Open Library, a group of more than 150 libraries led by the Internet Archive, has announced its latest plan to lend browser-based digital editions of e-books, beginning with a new, cooperative 80,000+ eBook lending collection of mostly 20th century books. Calling the plan a “new twist on the traditional lending model,” Open Library officials say the program could help increase "e-book use and revenue" for publishers.

Under the program, any account holder can borrow up to five e-books at a time, for up to two weeks, under a one-book, one reader model. Patrons can choose to view the e-book in a browser version, via the Internet Archive’s BookReader web application, or in PDF or ePub versions, managed by the Adobe Digital Editions software, making the user experience not unlike that of the format agnostic Google eBookstore. Internet Archive founder and “digital librarian” Brewster Kahle says the program is intended to keep traditional libraries in the game as reader preferences turn to digital editions. “As readers go digital, so are our libraries,” Kahle says. Most of the books in the program are library-owned editions scanned by the Internet Archive. The Internet Archive’s Open Library initiative has already scanned and made available over a million primarily backlist books available for lending.

E-books have become a thorny issue for libraries with the advent of successful consumer e-book models, like Kindle, Nook, and Google eBooks. Traditionally, libraries buy books and other products, own them, and lend them, spending billions annually. But with most popular, frontlist e-book titles, libraries no longer buy the books, but license them, and currently, there is no institutional sales model for library e-books on the major platforms. This has left libraries with no choice but to use third-party vendors, like OverDrive, to supply e-book titles to patrons, with some publishers still refusing to allow library lending of popular titles

At ALA Midwinter, librarians spoke of surging digital demand, and more library budget money being allocated to meet that demand. At the recent Digital Book World in Janaury, NYPL librarian Christopher Platt noted that patron disappointment that some publishers, and big titles are not in the library e-book mix, such as Keith Richards‘ recent biography Life, and Jonathan Franzen’s Freedom. “You try explaining why to a patron,” Platt said. “All the patron knows is that the library failed them.”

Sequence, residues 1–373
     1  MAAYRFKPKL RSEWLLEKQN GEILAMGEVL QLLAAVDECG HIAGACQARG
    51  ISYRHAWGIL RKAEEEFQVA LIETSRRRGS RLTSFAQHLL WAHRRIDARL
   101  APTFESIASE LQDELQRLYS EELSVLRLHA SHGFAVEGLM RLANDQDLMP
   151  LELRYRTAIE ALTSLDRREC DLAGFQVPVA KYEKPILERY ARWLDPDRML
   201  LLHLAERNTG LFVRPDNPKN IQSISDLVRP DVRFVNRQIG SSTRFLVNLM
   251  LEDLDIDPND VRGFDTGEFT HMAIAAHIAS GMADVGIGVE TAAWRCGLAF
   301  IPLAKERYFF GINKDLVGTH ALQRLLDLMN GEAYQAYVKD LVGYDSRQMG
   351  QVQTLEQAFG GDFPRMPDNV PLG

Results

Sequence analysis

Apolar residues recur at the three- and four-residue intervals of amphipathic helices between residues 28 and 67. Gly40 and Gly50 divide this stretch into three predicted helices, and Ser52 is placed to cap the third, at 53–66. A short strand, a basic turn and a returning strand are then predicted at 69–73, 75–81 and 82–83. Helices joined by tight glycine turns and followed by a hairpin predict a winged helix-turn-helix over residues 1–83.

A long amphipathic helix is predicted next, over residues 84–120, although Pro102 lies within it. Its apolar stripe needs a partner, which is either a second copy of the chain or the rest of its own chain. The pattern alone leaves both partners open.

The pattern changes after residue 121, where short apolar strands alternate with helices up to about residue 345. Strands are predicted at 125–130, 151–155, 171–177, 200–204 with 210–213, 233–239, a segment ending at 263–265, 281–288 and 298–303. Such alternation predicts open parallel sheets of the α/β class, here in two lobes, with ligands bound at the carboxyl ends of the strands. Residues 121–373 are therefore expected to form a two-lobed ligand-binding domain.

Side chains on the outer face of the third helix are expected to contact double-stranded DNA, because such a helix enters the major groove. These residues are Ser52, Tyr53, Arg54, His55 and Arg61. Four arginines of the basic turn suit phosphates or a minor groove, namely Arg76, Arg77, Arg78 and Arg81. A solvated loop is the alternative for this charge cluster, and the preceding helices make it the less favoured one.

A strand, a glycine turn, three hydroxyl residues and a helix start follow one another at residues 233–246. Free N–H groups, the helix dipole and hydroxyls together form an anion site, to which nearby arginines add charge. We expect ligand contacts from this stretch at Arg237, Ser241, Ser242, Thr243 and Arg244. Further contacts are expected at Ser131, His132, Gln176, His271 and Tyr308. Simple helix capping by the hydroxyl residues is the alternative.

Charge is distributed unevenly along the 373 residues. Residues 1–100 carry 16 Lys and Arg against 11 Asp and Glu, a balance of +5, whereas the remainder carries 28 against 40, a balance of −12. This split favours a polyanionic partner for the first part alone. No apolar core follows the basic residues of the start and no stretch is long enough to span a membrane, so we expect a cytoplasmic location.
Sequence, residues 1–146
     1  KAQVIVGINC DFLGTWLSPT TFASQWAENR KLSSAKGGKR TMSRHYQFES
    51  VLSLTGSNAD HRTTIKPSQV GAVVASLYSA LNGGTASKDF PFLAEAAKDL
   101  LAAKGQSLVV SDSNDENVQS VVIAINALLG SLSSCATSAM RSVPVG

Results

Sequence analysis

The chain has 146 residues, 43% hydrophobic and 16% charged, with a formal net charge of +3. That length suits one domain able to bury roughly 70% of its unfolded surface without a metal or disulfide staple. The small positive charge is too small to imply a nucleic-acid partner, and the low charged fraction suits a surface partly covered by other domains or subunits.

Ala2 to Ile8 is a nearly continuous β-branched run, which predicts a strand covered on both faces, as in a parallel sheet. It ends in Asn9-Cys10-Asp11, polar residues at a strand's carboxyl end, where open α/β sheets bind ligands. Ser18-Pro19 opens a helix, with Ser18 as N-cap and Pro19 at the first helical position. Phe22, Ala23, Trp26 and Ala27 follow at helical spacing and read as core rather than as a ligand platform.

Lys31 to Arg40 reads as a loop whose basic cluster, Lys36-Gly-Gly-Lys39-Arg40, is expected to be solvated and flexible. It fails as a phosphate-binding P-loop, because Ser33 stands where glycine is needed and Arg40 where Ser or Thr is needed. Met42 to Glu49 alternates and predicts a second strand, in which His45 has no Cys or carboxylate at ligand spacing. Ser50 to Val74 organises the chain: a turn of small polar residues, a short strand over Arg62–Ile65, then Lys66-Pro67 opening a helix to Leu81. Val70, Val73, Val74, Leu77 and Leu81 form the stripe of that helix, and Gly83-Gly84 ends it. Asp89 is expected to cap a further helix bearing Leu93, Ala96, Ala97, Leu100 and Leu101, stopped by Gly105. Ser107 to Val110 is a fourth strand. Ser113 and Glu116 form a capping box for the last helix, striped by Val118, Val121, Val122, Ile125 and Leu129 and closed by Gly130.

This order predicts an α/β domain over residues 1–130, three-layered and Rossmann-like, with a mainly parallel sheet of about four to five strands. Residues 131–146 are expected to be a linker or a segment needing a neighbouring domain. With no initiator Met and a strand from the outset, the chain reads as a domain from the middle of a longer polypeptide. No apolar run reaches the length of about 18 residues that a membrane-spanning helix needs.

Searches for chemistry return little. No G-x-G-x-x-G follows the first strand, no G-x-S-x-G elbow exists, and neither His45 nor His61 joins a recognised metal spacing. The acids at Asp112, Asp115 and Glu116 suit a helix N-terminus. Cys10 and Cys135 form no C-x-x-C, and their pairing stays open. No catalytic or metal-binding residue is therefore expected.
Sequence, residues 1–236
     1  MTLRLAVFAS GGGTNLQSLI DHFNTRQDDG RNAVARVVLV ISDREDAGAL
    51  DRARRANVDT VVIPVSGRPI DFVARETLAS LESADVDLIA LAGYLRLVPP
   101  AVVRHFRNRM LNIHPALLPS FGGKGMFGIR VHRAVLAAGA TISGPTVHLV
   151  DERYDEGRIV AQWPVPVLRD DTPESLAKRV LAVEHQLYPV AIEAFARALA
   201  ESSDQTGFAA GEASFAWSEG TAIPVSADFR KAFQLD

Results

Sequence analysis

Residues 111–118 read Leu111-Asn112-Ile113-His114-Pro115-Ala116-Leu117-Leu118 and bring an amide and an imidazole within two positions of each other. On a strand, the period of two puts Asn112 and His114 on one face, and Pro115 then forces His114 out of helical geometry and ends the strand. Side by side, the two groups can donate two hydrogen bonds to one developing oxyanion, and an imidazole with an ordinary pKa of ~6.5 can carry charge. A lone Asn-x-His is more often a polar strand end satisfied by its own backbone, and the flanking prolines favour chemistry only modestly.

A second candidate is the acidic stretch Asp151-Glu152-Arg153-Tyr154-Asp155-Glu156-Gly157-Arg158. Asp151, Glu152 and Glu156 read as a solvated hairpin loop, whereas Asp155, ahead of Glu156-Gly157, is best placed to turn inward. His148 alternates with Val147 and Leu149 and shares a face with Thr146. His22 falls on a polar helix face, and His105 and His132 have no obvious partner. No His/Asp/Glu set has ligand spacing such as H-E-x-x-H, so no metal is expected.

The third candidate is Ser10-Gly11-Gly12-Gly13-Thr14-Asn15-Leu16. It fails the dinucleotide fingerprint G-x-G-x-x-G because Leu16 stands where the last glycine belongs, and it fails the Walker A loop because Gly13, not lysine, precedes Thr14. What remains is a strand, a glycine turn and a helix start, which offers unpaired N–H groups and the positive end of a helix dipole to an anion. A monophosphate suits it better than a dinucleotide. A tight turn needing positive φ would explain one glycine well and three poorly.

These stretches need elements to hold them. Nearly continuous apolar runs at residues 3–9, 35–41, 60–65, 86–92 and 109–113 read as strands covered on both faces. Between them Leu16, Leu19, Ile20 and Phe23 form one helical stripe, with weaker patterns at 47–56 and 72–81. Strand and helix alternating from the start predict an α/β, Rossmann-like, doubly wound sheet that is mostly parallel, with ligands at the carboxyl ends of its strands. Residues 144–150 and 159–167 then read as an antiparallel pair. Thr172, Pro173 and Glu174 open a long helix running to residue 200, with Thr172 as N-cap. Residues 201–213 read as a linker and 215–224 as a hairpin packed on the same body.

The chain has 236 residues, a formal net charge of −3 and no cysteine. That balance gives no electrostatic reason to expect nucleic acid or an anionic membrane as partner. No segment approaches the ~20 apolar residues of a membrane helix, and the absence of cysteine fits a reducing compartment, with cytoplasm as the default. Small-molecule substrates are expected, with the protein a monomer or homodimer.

The latest Open Library initiative will make backlist books available for now, though there are Open Library titles that are still in copyright. In June, 2010, Kahle’s Open Library scanning efforts with Boston Public Library drew questions about whether they would be sued for its practice of scanning and lending digital editions of in-copyright books. But Kahle told librarians at the recent ALA Midwinter Meeting in San Diego that after some initial hand-wringing, there has been “nary a peep” from publishers. He said that was because content owners recognize that his ventures are open, non-profit, and culturally important. “We’re just doing what libraries do.”

While the latest Open Library venture is a modest attempt to impact the e-book market for libraries, Kahle has been vocal about the broader implications for libraries. Moving from a system where libraries buy books and curate collections for the public to a system where libraries simply serve as access points when permitted by rightsholders, Kahle has argued, is a major shift in the way libraries work, with significant cultural implications. At ALA, Kahle passionately urged libraries to recognize that shift, and to take action to preserve their traditional roles. “What libraries do is buy stuff, and lend it out,” he said. He suggested libraries “digitize what we have to, and buy what we can,” but not to let the promise of licensed access turn libraries into agents for a few major corporations. “We do so at our peril.”